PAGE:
Wild Devon: North Devon offers a vast array of beautiful wild and interesting places to visit, all are easily accessible from Dunsdon Farm, North Devon’s beautiful wild sites offer everything from isolated beaches and coves to historic parklands and quirky huts.
A holiday in Devon would not be complete without a look at its wild side, below we have listed a few of our favourite and best examples.
Dunsdon National Nature Reserve near Holsworthy is one of the best examples – and last survivors – of Culm grassland in the county. Culm is a marshy, heathy vegetation that occurs over the slates and shales of the Culm Measures in north western Devon. Dunsdon’s uncultivated meadows offer a habitat in which wildlife – in particular butterflies – thrive, including the rare marsh frittilary butterfly whose presence is a good indicator of healthy Culm grassland. Orchids show their colourful heads through the grasses – visit in early summer to witness the best of Dunsdon’s offerings.
“A beautiful, and peaceful wildlife gem, right next to our lovely holiday cottage in Devon”
Marsland is a very large reserve on the northern border of Devon and Cornwall. Extending several kilometres inland from a dramatic coastline, this inspiring site offers something for everyone.
It is an exceptionally diverse nature reserve consisting largely of a wooded, steep-sided valley, along with coastal heath and grassland, meadows, woodland glades, bracken-covered slopes and small streams and ponds. At certain times of year it is rich in wild flowers and the woodlands are alive with birds.
“Marsland is probably one of the most varied and interesting reserves in Devon, it was a beautiful day to finish our short break in Devon”
This quirky lookout hut was built by the Rector Robert Hawker and eccentric local parson, who wore fisherman’s boots, wrote poetry and smoked opium dressed as a mermaid.
Hawker’s clifftop retreat was originally constructed in around 1844, using timber from the wrecks of the Caledonia, the Phoenix, and the Alonzo. – A Great Place to watch the sunset
“We arrived at Hawkers just before dusk as our holiday cottage visitor information had advised, to watch a beautiful sunset and eat pizza”
Part of the North Devon Biosphere the Braunton Burrows, a sand dune system designated as a Special Area of Conservation (SAC) and a Site of Special Scientific Interest (SSSI). Braunton Burrows and its part of the estuary are managed and maintained as a world-class mix of dynamic coastal habitat features. It is used as a study area for conservation of these types of habitats and activities that positively promote their conservation.
“A visit to Squires fish and chip shop and a cycle to the Burrows, made the final day of our cycling holiday in Devon – just brilliant!”
Meeth Quarry is unlike any other Devon Wildlife Trust nature reserve. Its industrial past has dramatically shaped its present. For nearly 100 years it was a series of busy clay quarries and mines. Today, two enormous lakes and massive piles of clay spoil dominate its features. Elsewhere there are ponds, woodlands, bogs and grasslands.
Together these make Meeth Quarry nature reserve a home for a diverse range of wildlife and a wonderful place to explore.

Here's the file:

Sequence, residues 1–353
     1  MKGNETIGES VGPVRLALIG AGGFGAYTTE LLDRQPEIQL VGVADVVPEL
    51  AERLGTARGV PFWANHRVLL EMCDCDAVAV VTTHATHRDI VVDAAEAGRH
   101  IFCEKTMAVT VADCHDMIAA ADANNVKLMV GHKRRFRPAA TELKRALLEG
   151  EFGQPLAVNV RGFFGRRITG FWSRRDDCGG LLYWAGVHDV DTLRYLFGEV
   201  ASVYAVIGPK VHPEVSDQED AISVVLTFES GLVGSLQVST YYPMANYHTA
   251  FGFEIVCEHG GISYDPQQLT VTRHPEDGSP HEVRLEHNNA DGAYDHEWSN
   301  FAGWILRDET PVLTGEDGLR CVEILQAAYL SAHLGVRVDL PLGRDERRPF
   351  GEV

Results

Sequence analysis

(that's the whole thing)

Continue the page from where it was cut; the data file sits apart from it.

“A trip we will not forget, we managed to see a number of Marsh Frittilary butterflies, along with a
few we could not identify – our five star Devon holiday cottage was a great base to visit Meeth”
Unspoilt island, home to a fascinating array of wildlife amidst dramatic scenery Undisturbed by cars, the island encompasses a small village with an inn and Victorian church, and the 13th-century Marisco Castle. There’s also a disused lighthouse to discover. Called the Old Light, it offers superb views over the north part of the island.
For nature-lovers there are the variety of seabirds, wildlife, flora and fauna. Designated the first Marine Conservation Area, Lundy offers opportunities for diving and seal watching.
“Leaving The Old Shippon, very early was well worth it – Lundy island is beautiful and so peaceful.
next time we visit Devon we will be sure to go to Lundy island again!”
Duckpool, found at the foot of the Coombe Valley, a long open valley that is cut in two by a meandering stream. There are beautiful walks to be had here with streams that criss cross bridges wending up to Stowe and beyond. This area boasts some fine walks along the cliff tops. Inland at the head of the Coombe valley are Lee Wood and Stowe Wood, the latter being the site of an old settlement.
“Duckpool is within easy reach of our luxury Devon holiday cottage; and well worth the visit! In fact we took our dog Freddy most days”
A grand Parkland abundant in wildlife and with over 900 years of history – Perfect for a walk or picnic
The park is home to a variety of trees, including 700-year-old Sweet Chestnuts and old fruit trees.
Wander around the remaining buildings of Tudor Dunsland House. All apart from the old stable and coach house were lost in a fire in the 1960s.
The trees in Dunsland park support many rare lichens and provide a rich habitat for wildlife.
Colourful Blue Bells and Primroses can be seen in spring and you may hear the rustle of Dormice and Roe Deer. Look out for Dippers and Sparrow Hawks too.
“ We visited Dunsland on a warm day, taking a picnic – wow! So tranquil, we wanted a quiet
holiday in Devon countryside and we got it!”